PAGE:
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Music from Norway: Just How Important Is It, Really?

By Published: November 10, 2013
Clearly the capacity to emulate or extrapolate on the American tradition is there, and groups like Atomic, The Deciders and Motif, along with trumpeter Gunhlild Seim (who has recorded with notable Americans including pianist Marilyn Crispell) and younger groups like Hanna Paulsberg Concept continue to shape cornerstones of the American jazz tradition into something....else. Just as saxophonist John Surman—a British expat now living in Oslo with his wife, singer Karin Krog—brought experiences gained as a youth in boys choirs into his more decidedly (but particularly broad-scoped) jazz-centric music, so, too does Arve Henriksen bring the influence of choral music into his own expansive approach to improvised music and a reverse-engineered compositional approach.

And if Bugge Wesseltoft's recent look at songs from the Great American Songbook, Songs (Jazzland, 2012) took them to much slower, quieter places than might be expected—a consequence of the calming influence of millennial Norwegian forests that also had a place in Eple Trio's In the Clearing / In the Cavern (NORCD, 2011), a similar but different concept of taking well-known tunes and slowing them down—way down—brought singer Solveig Slettahjell to prominence with her Slow Motion Orchestra, while singer Live Maria Roggen's work with Come Shine was considerably more reverent.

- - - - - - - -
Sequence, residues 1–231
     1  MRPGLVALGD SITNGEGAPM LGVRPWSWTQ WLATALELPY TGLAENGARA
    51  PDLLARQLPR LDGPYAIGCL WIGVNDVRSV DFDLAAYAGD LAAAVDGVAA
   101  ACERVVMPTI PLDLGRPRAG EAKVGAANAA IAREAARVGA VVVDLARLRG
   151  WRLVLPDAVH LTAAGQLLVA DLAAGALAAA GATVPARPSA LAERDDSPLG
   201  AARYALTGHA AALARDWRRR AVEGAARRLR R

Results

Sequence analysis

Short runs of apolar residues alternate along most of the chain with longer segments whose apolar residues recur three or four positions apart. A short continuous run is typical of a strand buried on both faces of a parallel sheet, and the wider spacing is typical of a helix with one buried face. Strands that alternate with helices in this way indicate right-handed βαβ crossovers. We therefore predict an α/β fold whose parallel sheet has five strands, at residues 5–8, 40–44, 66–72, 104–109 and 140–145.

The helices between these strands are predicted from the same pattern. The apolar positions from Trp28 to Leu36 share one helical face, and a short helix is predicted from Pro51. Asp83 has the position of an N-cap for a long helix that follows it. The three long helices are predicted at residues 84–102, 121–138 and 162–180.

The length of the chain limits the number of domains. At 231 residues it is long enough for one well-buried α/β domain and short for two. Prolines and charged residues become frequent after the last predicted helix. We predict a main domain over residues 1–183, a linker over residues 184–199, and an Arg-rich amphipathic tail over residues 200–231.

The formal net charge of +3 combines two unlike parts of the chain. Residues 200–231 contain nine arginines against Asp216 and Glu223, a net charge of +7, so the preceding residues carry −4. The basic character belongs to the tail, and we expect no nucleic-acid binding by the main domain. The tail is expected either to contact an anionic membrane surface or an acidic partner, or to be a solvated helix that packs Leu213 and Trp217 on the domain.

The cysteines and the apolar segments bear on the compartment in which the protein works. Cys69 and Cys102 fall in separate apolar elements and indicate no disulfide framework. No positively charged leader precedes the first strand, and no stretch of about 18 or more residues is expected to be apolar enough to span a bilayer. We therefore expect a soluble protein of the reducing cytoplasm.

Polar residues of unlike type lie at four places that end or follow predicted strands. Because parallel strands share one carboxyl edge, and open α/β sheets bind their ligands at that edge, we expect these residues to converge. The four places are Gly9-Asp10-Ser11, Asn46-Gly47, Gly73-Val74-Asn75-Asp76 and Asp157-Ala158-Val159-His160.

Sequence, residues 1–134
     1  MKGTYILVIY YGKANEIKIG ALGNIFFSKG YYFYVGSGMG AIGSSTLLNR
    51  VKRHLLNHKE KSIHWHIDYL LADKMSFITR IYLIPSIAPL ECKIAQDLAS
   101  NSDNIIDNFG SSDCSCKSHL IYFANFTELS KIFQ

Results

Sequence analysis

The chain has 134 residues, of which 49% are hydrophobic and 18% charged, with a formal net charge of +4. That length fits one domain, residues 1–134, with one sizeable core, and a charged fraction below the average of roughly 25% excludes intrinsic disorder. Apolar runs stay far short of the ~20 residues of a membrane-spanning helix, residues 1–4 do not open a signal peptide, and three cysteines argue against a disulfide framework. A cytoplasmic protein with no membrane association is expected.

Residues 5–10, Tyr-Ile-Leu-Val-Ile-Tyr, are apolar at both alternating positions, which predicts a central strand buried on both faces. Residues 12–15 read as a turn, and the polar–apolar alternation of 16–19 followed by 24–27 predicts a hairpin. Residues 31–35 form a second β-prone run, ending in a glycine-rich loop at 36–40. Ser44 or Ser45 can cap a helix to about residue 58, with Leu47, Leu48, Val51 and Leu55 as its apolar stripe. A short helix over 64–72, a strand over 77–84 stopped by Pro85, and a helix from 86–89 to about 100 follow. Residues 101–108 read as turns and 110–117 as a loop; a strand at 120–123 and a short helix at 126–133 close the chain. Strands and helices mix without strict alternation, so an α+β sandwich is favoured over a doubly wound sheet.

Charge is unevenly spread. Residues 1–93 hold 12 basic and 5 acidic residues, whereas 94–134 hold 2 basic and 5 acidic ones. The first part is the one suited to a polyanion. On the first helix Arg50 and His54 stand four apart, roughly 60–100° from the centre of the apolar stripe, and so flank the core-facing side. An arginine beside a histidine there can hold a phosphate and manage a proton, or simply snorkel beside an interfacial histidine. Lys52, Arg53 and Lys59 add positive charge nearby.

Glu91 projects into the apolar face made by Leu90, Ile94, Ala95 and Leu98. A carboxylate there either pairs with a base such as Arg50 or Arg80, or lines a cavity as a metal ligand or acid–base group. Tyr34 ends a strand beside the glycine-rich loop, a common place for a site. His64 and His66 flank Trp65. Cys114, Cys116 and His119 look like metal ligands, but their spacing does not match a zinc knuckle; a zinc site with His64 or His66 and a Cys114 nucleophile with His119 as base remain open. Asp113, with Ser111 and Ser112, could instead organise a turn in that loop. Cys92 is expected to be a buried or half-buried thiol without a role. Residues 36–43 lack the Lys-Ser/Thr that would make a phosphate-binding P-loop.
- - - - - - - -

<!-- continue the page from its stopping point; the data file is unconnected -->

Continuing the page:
But the real question is: why should Norwegians continue to emulate the American tradition, to the exclusion of the formative influences that have shaped who they are? The answer is simple: they shouldn't. If the Great American Songbook is not a part of their DNA, and even as they study notable American jazz artists to gain some familiarity with the vernacular, should they not also create music that, while improvisational in nature, reflects their own backgrounds and roots? Saxophonist Trygve Seim has contributed some of the most forward-thinking contemporary medium ensemble music to the jazz canon, with elements ranging from Carla Bley to Edward Vesala (and, perhaps more significantly, Iro Haarla); but while improvisation is built into Seim's largely rigorous, through-composed music, it's not the freewheeling kind, with extended extemporization; instead, it's a crucial component of the music, but oftentimes only a small handful of bars—sometimes, even, just a single bar...or even half a bar. Clearly Seim has a different idea of how jazz should sound...or, is the term becoming antiquated itself and should what he makes simply be called music?

What's most remarkable about the Norwegian jazz scene is its breadth. Those only familiar with music coming from Norway on a superficial level often use terms like "Nordic Cool," as if the country's music can be described with such a simple, reductive phrase. Without coming close to describing the breadth and depth of the Norwegian scene, here is a list of just a few of the artists stretching the boundaries of today's music (by no means comprehensive, and apologies for the many who've been left out):

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